Danny: It's like someone actually tried to write a show here. Hoyt wants food on the table when he comes home, Jessica smashes a bunch of uncooked eggs on a plate, and he eats the yellow muck to prove his point. When the anger dissipates and they start laughing about the ridiculousness of their fight... it just felt so true. And emotional verisimilitude is in short supply on this show.

Rafael: It was so earnest. I love the part where she breaks her fa├žade and says "Don't eat that, you'll get sick." I was rooting for those two all of season three, and Hoyt finally told his horrible mother off.

Danny: Jessica's a character that's really come into her own over the past couple of seasons. Astonishingly different from the whiny brat she was when she first appeared.

Rafael: Indeed. Sexual feelings about Deborah Ann Woll aside, she's a marvelous actress. And her anger to compassion turn never feels forced or like it was called for, unlike Anna "Probably Speaks the Stage Directions" Packitin

Danny:Okay. One last thing, and this bit made me LOL so fucking hard when it came up.

Rafael: Hit me with it.

Danny: That scene where Sam Merlotte's in what you think is an fancy dinner, but it turns out they're all shapeshifters, and THEN THEY TURN INTO HORSES AND RIDE OUT INTO THE NIGHT.

Rafael: I keep telling you, this show is for horsegirls.

Danny: This was like horsegirl porn. Forbidden vampire human love and men transforming into stallions. What's next? Tentacle rape and incest? I'm pretty sure Alan Ball walked into the True Blood writer's room, said, "Please, leave me be, I have much more important things to do" and gave the secretary an address to send his paychecks.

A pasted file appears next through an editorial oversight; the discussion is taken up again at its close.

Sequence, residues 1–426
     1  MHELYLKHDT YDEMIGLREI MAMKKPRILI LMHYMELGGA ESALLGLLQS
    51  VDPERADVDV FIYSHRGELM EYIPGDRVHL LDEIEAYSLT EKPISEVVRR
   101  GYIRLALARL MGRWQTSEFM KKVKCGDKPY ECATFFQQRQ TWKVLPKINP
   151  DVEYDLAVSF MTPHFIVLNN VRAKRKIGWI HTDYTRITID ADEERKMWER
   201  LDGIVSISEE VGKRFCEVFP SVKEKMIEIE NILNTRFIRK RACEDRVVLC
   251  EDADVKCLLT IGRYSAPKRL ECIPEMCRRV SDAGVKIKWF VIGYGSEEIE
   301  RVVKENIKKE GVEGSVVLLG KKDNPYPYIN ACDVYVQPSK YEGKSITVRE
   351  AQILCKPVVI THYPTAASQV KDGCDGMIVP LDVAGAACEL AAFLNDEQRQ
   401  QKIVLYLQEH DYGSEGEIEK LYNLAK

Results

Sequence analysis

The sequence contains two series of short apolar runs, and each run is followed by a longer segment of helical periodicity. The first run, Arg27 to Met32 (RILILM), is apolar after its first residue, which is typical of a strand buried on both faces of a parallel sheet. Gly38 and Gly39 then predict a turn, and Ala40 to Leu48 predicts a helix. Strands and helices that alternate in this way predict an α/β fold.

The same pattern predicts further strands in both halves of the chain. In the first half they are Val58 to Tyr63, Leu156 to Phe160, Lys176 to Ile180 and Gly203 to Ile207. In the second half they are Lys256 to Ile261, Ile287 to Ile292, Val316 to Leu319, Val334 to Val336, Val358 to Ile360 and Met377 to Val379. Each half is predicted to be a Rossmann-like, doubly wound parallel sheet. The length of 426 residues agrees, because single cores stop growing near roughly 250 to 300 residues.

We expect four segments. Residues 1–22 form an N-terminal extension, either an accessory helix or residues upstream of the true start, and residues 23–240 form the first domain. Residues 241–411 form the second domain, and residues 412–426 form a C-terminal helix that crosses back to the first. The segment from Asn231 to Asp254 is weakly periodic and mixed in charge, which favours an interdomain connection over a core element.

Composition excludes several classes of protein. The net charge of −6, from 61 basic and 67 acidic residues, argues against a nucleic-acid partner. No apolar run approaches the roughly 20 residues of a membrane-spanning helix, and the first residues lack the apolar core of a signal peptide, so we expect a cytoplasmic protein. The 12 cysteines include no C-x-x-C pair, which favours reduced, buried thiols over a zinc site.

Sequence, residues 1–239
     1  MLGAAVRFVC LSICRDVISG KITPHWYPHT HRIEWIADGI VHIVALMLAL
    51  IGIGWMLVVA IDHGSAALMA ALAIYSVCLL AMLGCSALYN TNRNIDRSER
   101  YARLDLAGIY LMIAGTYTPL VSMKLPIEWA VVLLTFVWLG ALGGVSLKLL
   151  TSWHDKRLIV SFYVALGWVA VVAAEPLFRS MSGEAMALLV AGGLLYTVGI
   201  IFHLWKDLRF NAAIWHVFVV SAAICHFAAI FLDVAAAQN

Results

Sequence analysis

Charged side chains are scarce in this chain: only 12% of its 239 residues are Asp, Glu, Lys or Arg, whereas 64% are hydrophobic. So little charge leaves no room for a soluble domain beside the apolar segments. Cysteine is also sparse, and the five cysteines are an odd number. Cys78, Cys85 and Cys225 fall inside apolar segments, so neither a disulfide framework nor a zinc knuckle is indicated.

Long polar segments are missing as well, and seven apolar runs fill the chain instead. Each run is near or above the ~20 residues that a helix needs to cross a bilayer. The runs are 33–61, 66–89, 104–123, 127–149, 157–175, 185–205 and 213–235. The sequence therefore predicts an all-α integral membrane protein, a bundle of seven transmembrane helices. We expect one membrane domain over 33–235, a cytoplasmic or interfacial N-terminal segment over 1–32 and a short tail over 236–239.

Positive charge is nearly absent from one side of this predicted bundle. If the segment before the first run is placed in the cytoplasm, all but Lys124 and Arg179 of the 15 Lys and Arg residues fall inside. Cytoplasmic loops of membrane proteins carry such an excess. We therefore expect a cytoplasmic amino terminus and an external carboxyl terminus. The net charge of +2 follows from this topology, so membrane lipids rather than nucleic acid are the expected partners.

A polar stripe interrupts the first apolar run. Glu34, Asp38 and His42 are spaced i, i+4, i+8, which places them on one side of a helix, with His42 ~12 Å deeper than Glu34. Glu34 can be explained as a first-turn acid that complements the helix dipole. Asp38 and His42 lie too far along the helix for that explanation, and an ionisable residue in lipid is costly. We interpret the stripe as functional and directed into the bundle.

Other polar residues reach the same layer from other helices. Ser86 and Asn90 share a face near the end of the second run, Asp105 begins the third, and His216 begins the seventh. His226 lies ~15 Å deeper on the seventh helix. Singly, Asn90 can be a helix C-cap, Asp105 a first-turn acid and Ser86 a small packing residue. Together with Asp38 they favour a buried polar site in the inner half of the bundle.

Rafael: That scene was like all of Hector Hammond in "Green Lantern," but with people whose abs you want to see.




Rafael: It's just short of good enough.

Danny: A perfectly cromulent episode of True Blood, embiggened by some choice moments.

Rafael: Alan Ballin's probably wallowing in his own crapulence.

Rafael Gaitan was born in 1985, but he belongs to the '70s. He is a big fan of onomatopoeia, being profane and spelling words right on the first try. Rafael has a hilariously infrequent blog and writes love letters to inanimate objects as well as tweets of whiskey and the mysteries of the heart at @bearsurprise. He ain't got time to bleed.

Danny Djeljosevic is a comic book writer, award-winning filmmaker (assuming you have absolutely no follow-up questions), film/music critic for Spectrum Culture and Co-Managing Editor of Comics Bulletin. Follow him on Twitter as @djeljosevic or find him somewhere in San Diego, often wearing a hat.